The opinion of the court was delivered by: Conner, Sr. D.J.
Plaintiff Howard Henry ("Henry") brings suit against defendants Wyeth Pharmaceuticals, Inc. ("Wyeth"), Walter Wardrop ("Wardrop") and Michael McDermott ("McDermott").*fn1 Plaintiff alleges that he suffered discrimination in the terms of his employment at Wyeth in violation of Title VII of the Civil Rights Act of 1964, 42 U.S.C. §§ 2000e, et seq.; 42 U.S.C. § 1981 and New York State Human Rights Law. The case was previously assigned to the Honorable Colleen McMahon. Judge McMahon issued an Opinion and Order granting in part and denying in part defendants' motion for summary judgment. The case was then transferred to this Court. Defendants now move, pursuant to S.D.N.Y. LOCAL CIV. R. 6.3, for reconsideration of the part of Judge McMahon's Opinion that denied their motion for summary judgment. For the following reasons, defendants' motion for reconsideration is denied.
The facts of this case are set out at length in Judge McMahon's Opinion, familiarity with which is presumed. See Henry v. Wyeth Pharm., Inc.,2007 U.S. Dist. LEXIS 57921 (S.D.N.Y. July 30, 2007) (Henry I). The following is a brief summary of those facts relevant to the disposition of the present motion. Plaintiff, an African-American man, is a chemist. Id. at *4. He began working for one of Wyeth's predecessors in 1993 and earned several promotions in subsequent years. Id. at *4-6. Beginning in 2001, however, plaintiff was turned down for promotions on several occasions under circumstances that led him to believe he was being discriminated against because of his race.
See generally id. Plaintiff contends that after he began asking questions about his lack of further advancement at Wyeth, he was subject to retaliation, including unfairly negative performance evaluations designed to further impede his career:
To sum up Plaintiff's entire case . . . Plaintiff was an extremely talented chemical engineer receiving good reviews for nine straight years . . . [who won] two awards [and] who began seeking advancement opportunities within Wyeth. He applied for one position, and was turned down. He applied for another, and was turned down. Another. Another. He became suspicious, and he asked his supervisor why it was he was not advancing -- why he was being treated unfairly. The next thing he knew, his performance ratings dropped, his accomplishments were being ignored, nobody could give a consistent answer as to why, and he was placed in danger of losing his job. (Pl. Mem. Opp. Summ. J. at 25.)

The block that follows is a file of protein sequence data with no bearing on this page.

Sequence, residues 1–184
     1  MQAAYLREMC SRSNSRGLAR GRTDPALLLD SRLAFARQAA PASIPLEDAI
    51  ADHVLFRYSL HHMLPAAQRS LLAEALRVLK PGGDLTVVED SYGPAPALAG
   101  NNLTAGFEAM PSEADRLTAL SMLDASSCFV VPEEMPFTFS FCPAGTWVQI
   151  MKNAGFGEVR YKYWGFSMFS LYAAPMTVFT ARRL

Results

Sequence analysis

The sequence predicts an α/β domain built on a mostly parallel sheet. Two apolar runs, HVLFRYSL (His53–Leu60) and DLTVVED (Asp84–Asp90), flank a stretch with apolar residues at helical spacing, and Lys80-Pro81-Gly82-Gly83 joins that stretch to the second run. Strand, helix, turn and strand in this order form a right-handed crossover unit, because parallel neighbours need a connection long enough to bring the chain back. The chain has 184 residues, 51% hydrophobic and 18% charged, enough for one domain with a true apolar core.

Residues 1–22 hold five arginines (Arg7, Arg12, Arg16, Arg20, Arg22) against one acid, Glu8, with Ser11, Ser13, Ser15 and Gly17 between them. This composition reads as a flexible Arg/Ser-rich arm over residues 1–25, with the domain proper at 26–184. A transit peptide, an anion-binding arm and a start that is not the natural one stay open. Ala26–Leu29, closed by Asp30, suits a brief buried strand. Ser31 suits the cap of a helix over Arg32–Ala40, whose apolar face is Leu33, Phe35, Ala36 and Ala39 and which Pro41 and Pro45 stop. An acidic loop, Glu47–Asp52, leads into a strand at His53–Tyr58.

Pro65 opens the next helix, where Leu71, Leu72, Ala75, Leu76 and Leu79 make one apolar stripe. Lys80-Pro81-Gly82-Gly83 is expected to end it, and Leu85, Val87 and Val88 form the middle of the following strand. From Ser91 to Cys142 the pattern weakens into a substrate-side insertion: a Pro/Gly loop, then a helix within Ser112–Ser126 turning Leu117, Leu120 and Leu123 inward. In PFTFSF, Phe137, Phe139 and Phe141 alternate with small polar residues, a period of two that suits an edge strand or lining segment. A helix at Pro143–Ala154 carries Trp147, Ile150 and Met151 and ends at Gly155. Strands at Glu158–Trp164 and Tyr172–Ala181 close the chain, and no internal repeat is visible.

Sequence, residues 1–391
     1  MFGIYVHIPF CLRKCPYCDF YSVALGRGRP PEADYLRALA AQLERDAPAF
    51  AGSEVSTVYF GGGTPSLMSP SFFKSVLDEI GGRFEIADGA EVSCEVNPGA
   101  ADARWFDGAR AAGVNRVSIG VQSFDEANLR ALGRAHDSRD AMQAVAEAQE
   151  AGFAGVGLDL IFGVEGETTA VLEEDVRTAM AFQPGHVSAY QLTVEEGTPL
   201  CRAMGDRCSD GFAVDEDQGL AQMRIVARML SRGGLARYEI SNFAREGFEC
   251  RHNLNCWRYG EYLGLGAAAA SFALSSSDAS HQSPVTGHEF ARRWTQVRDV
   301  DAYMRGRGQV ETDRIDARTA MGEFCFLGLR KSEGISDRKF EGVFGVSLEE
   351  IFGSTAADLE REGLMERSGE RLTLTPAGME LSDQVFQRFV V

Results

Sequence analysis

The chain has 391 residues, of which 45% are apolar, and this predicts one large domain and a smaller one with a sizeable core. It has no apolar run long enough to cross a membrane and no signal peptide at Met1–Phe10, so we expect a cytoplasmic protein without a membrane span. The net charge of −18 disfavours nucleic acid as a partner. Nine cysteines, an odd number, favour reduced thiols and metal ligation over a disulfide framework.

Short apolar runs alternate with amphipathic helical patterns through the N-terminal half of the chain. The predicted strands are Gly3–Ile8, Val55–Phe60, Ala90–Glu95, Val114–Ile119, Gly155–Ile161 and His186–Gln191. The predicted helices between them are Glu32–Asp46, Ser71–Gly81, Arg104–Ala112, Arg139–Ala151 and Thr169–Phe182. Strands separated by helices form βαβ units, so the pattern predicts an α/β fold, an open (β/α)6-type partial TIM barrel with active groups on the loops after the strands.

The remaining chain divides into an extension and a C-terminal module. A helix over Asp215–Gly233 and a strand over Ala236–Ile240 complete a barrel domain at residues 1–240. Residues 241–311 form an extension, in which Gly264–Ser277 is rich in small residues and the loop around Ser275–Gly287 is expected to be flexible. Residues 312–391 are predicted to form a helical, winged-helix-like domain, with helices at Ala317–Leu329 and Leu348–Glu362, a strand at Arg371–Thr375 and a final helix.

Defendants moved for summary judgment, arguing that there was "a complete lack of any admissible evidence . . . that any of the employment decisions at issue were made because of Henry's race or color or because he had engaged in any protected activity." (Defs. Mem. Supp. Summ. J. at 1.) Judge McMahon granted the motion as to some of the claims against McDermott and Wardrop ("the individual defendants"), certain claims that the court held to be time-barred and all claims based on two promotions which plaintiff testified he did not believe he was denied because of his race; the court denied the motion as to all other claims. See Henry I, 2007 U.S. Dist. LEXIS 57921, at *77-83, *89. Defendants now ask us to reconsider the portion of that decision denying their motion.*fn2
A motion for reconsideration or re-argument shall be granted only if "the court has overlooked matters or controlling decisions which, had they been considered, might reasonably have altered the result reached by the court." Adams v. United States, 686 F. Supp. 417, 418 (S.D.N.Y. 1988) (internal quotation marks omitted); see also S.D.N.Y. LOCAL CIV. R. 6.3.
Controlling decisions include decisions from the United States Court of Appeals for the Second Circuit; they do not include decisions from other circuits or district courts, even courts in the Southern District of New York. See Ades v. Deloitte & Touche, 843 F. Supp. 888, 892 (S.D.N.Y. 1994). Local Rule 6.3 "is to be narrowly construed and strictly applied so as to avoid repetitive arguments on issues that have been considered fully by the court." Candelaria v. Coughlin, 155 F.R.D. 486, 491 (S.D.N.Y. 1994). The movant's disagreement with the court's interpretation of precedent is not a proper ground for reconsideration. Effron v. Sun Line Cruises, Inc., 158 F.R.D. 39, 40 (S.D.N.Y. 1994). Where the movant fails to show that any controlling authority or facts have actually been overlooked, and merely offers substantially the same arguments he offered on the original motion, the motion for reconsideration must be denied. See Geary v. Goldstein, 1994 WL 396044, at *1 (S.D.N.Y. July 27, 1994).
II. Defendants' Arguments for Reconsideration
Defendants base their motion for reconsideration on several grounds. They argue that Henry I improperly "lumped together" all of plaintiff's claims, rather than analyzing them separately; that certain evidence plaintiff presented was legally insufficient to support an inference of discrimination; that plaintiff's evidence of retaliation was also legally insufficient and that the remaining claims against the individual defendants should have been ...